It turns out that a lot of people really wanted to see the son of Ice Cube play Ice Cube, and Straight Outta Compton was a tremendous hit. It’s been successful enough to spawn a pseudo-sequel about Tha Dogg Pound, and now Universal is eyeing a Def Jam biopic. According to Deadline, the studio is considering Michael B. Jordan and Jonah Hill for the respective parts of Def Jam label founders Russell Simmons and Rick Rubin (despite the fact that Robbie Coltrane basically made an eight-part audition video for the role of Rubin).
Deadline reports that the project would adapt Life And Def: Sex, Drugs, Money, + God, Simmons’ own account of Def Jam’s early years. (So if there’s a scene where a grade-school Russell single-handedly invents rap music out of whole cloth, you’ll know why.) The story follows the transition of hip-hop as it moves out of underground clubs and becomes a mainstream musical genre. Presumably it will stop before it gets to the part where the two coasts started beefing and legendary rappers wound up murdered, because that sounds like a pretty good movie premise in its own right.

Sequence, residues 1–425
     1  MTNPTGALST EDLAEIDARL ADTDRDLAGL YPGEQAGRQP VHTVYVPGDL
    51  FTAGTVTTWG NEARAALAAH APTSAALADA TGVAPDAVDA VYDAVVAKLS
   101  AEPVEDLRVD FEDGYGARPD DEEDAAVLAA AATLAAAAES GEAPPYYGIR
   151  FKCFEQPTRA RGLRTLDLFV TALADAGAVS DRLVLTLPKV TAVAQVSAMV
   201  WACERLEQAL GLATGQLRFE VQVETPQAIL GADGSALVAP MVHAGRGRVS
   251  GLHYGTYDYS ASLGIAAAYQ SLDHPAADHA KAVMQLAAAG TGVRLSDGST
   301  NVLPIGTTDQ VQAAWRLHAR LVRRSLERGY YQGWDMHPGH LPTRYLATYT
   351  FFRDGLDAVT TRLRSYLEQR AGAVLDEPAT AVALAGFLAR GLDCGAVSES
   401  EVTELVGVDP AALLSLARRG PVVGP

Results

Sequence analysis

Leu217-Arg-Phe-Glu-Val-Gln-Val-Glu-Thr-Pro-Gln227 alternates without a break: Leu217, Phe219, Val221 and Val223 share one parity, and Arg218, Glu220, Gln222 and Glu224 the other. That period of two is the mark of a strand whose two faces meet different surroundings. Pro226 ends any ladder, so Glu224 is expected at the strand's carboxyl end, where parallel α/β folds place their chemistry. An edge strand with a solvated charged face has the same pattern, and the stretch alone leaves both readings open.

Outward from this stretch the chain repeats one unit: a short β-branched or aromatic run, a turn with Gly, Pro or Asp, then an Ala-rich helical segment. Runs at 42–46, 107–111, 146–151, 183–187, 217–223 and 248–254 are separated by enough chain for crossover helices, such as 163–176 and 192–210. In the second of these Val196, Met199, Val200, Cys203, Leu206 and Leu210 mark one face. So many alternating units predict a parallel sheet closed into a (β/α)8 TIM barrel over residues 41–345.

While it had its distinguishing moments, Straight Outta Compton fell victim to the stereotypical beats of the biopic genre. Perhaps by focusing a movie on the dealmakers behind the scenes, these clichés could finally be upended. Instead of a penniless street poet who finds inspiration rapping on the corner, we’ll follow a desperate A&R agent frantically searching corners for a penniless street poet to lure back to the studio with the promise of “eventual” recompense. Rather than the requisite scene that cuts from inside the recording booth to the nodding heads of producers outside, we’ll skip the artists, and cut from nodding producers to the smiling faces of paunchy studio executives, bravely lighting cigars with $100 bills. And instead of that pivotal moment when an influential bandleader meets a nobody musician—a musician we recognize will become a legend in their own right—we’ll get to see a fateful contract signing between an influential radio mogul and a little-known media company that becomes Clear Channel.